Volunteers on Chincoteague Island, Virginia, braved rain and wind during the first weekend of November to carry out Trap-Neuter-Return (TNR) for 18 community cats, and trap 13 kittens who will be spayed or neutered, socialized, and put up for adoption.
It was the second time this year that a spay and neuter clinic was held on the island. The clinic was funded by Alley Cat Allies and coordinated by Chincoteague Island (CI) Community Cats and Caring Hands Animal Support and Education (CHASE).
A grant provided by Alley Cat Allies also funded a TNR clinic in June 2018, which helped CI Community Cats spay and neuter 25 cats on the island. Following the November clinic, a total of 88 had been spayed or neutered and returned to their outdoor homes since June, and volunteers continue to work toward their goal of carrying out TNR on 100 cats.
“The well-coordinated program on Chincoteague Island is a perfect example of how TNR can help cats and benefit the surrounding community anywhere it’s practiced,” says Becky Robinson, president and founder of Alley Cat Allies. “We commend CI Community Cats and CHASE for their incredible achievements and hope their work can inspire even more of these clinics and programs in the area.”
Volunteers started trapping cats on Friday evening. The trapped cats were transferred to a secure location on Chincoteague Island until Saturday morning, when volunteers took them to nearby Pocomoke Animal Hospital, owned by Dr. Jeffrey Reed. They were spayed or neutered, vaccinated, microchipped, and eartipped (the universal symbol that a cat has been through a TNR program). The cats were returned to their outdoor homes on Sunday morning.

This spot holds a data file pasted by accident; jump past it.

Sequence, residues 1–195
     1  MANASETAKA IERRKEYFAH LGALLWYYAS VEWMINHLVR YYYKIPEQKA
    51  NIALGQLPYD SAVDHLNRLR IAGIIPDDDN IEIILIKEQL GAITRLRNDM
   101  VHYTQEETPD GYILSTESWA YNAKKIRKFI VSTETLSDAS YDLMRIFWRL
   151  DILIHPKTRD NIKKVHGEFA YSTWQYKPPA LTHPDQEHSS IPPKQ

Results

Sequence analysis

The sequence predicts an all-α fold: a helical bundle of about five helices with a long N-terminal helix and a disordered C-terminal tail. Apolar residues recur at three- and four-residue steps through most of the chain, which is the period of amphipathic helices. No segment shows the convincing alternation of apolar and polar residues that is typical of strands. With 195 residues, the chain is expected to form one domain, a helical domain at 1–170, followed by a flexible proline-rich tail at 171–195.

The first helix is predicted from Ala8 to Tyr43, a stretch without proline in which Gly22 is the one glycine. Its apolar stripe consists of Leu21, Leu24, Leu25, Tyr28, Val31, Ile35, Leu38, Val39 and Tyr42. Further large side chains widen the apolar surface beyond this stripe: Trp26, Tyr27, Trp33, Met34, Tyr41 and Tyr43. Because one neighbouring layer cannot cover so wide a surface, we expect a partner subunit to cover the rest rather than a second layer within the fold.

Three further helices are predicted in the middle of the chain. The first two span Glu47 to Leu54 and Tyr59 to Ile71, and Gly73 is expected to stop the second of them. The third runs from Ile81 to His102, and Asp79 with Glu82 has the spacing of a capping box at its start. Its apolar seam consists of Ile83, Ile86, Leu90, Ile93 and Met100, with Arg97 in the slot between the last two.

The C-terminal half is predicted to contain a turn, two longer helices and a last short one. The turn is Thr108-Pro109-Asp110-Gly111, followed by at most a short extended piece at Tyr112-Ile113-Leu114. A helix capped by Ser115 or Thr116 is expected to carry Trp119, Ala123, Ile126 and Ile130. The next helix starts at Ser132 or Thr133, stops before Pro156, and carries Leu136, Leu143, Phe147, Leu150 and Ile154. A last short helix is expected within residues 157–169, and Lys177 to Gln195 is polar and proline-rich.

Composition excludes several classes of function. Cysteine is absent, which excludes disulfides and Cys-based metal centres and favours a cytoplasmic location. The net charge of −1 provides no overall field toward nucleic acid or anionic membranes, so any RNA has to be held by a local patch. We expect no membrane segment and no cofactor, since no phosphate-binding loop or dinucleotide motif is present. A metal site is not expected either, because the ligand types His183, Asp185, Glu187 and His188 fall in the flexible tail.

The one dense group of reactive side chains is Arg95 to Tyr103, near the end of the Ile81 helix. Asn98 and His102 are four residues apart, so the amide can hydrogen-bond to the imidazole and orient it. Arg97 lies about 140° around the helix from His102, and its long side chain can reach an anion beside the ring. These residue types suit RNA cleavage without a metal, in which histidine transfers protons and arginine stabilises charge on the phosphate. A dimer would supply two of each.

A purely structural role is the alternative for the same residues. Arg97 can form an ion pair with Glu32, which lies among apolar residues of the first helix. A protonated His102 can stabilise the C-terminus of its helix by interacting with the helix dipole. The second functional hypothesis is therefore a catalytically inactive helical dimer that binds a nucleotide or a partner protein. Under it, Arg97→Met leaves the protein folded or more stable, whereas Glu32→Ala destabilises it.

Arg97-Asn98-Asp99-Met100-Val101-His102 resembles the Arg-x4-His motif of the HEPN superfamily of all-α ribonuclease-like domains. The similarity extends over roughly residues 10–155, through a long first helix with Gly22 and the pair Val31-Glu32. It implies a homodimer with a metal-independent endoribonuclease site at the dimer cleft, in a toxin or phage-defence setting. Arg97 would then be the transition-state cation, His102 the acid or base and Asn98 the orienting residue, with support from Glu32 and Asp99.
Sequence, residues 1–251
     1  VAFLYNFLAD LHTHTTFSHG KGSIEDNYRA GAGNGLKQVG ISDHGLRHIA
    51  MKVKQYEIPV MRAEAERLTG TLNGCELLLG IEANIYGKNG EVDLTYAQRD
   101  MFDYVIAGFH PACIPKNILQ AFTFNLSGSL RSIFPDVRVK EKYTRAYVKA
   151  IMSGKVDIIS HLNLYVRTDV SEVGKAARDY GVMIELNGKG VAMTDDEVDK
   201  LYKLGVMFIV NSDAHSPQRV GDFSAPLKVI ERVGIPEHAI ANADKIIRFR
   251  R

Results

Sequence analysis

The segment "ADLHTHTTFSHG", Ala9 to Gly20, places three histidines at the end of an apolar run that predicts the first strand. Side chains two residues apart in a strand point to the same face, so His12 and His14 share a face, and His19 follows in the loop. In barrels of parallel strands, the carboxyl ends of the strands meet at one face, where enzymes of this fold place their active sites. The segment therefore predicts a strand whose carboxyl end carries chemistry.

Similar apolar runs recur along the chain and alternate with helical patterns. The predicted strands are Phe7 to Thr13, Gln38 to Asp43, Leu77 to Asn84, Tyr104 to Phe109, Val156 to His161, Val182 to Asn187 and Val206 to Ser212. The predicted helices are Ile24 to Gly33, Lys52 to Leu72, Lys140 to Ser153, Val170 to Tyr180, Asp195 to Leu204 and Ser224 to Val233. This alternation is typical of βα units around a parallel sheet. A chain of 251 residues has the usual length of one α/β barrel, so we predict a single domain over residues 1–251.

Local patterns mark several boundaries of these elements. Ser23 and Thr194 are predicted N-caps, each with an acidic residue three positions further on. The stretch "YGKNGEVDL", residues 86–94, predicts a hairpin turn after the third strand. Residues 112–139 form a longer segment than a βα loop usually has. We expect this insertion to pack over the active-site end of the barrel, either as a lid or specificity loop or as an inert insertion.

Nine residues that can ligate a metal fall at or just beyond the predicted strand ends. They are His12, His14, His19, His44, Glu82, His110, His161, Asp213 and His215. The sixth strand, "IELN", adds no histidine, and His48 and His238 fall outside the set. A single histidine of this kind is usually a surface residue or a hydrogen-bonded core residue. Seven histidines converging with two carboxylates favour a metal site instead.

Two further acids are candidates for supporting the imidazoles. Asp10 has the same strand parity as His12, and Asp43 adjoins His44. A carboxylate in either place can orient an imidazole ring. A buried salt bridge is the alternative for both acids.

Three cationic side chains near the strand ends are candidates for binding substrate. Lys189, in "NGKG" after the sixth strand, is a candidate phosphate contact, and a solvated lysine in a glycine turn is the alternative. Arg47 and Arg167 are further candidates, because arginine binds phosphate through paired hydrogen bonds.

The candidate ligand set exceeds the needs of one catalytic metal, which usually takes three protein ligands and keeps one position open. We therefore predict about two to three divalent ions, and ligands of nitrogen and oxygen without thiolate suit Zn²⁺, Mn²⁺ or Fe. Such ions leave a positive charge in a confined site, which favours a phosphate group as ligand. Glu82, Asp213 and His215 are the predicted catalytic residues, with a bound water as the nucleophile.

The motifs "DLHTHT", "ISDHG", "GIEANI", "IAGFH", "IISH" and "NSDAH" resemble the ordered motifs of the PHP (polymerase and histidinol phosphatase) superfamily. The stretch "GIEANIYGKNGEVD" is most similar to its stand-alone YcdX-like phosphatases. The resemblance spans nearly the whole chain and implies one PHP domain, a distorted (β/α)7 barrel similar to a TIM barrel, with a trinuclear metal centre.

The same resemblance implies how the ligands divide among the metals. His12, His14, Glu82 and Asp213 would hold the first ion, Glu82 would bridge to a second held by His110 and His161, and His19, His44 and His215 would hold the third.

Julie Brommer, who leads CI Community Cats, says that the clinic ran smoothly and had a great turnout from the community. About 20 volunteers helped each day of the clinic.
Alley Cat Allies has supported TNR on Chincoteague Island for years, first through Virginia-based CHASE. CHASE has conducted high-volume spay and neuter clinics on the island in previous years, before it started working with CI Community Cats.
CI Community Cats is continuing to expand its work, including reaching its goal of carrying out TNR for 100 cats and raising money to purchase its own traps, instead of borrowing them. The group is dedicated to the success of the TNR project, which Brommer says is beginning to flourish.
“It is so exciting to see the community coming together to help each other and help the cats,” she says.